Fig 1

The T class conversion engines were, to the best of my knowledge, unaltered from when they were fitted in the unconverted submarine .Nominally 1250 bhp each side. Despite reports, the evidence indicates they were not converted to super charging, indeed the gain quoted was hardly worth the complication and expense.

Note the links for the alternative positions have to come from the battery isolating links thus preventing any possibility of placing the Nos 1 & 2 batteries in parallel with Nos 2 & 4 batteries.

Fig 1
Fig 1

Fig 2a and 2b

The two drawings Figs 2a and 2b are an educated deduction from the text from BR 1965 (1953) and anecdotal information from a former crew member. There may be errors in the placement of certain pieces of equipment but if this so, they are of such a nature as to make no difference to the understanding of the propulsion circuits of the T class conversion.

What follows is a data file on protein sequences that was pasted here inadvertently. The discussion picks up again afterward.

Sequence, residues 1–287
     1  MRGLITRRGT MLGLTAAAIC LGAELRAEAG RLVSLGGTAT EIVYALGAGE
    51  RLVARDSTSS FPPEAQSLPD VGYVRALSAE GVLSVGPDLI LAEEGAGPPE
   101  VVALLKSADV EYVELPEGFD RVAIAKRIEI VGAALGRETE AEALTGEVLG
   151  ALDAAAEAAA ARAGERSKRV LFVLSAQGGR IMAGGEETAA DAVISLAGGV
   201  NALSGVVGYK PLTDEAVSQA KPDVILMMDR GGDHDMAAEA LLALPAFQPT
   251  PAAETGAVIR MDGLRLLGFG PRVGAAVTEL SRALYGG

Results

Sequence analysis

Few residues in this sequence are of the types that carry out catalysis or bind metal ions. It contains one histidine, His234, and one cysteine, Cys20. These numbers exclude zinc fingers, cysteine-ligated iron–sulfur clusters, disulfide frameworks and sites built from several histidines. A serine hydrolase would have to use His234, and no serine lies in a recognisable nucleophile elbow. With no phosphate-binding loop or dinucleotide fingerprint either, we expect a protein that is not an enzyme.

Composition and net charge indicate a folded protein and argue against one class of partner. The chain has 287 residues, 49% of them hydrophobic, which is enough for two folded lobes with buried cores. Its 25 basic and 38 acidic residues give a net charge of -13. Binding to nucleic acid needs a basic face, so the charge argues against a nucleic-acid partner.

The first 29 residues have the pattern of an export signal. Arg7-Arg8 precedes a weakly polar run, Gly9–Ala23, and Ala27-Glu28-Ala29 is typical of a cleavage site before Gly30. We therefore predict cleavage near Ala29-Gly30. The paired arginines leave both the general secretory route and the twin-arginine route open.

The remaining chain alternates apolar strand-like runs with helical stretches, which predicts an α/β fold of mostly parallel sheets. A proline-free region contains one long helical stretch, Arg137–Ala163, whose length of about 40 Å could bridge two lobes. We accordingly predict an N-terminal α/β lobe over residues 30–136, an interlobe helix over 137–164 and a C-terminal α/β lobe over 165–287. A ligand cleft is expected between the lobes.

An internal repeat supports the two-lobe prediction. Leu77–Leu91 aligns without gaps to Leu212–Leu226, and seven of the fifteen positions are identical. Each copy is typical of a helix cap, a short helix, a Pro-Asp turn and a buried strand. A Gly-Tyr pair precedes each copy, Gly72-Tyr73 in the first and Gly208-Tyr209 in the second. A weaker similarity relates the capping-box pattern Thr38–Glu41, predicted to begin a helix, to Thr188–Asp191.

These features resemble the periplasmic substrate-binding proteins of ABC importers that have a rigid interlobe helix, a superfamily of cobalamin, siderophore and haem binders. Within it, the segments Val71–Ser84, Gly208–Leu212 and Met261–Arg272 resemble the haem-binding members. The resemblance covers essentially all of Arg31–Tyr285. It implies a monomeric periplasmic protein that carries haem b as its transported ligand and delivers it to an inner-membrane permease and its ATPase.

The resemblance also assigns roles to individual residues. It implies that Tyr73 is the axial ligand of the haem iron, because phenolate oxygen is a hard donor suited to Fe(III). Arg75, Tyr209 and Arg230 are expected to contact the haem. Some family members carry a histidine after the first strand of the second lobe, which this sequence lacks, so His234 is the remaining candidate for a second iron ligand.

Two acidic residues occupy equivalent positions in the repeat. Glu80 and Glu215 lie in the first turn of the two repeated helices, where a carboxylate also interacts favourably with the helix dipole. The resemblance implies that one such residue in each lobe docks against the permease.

They are drawn principally to make the associated notes on BR 1965 and the First of Class trial data 1952 for HM Submarine TACITURN, more understandable, lacking the missing manual drawings.

Fig 2a
Fig 2a

There were two of these identical motor controller mechanisms per side, one for each tandem motor. They were installed longitudinally in the bottom of each fore and aft cubicle connected to their associated controller wheel by a control rod system, they were really a large multi-stage rotary switch.

Provision was made to work the controller directly with an emergency handle at the bottom of the cubicle, if the main system failed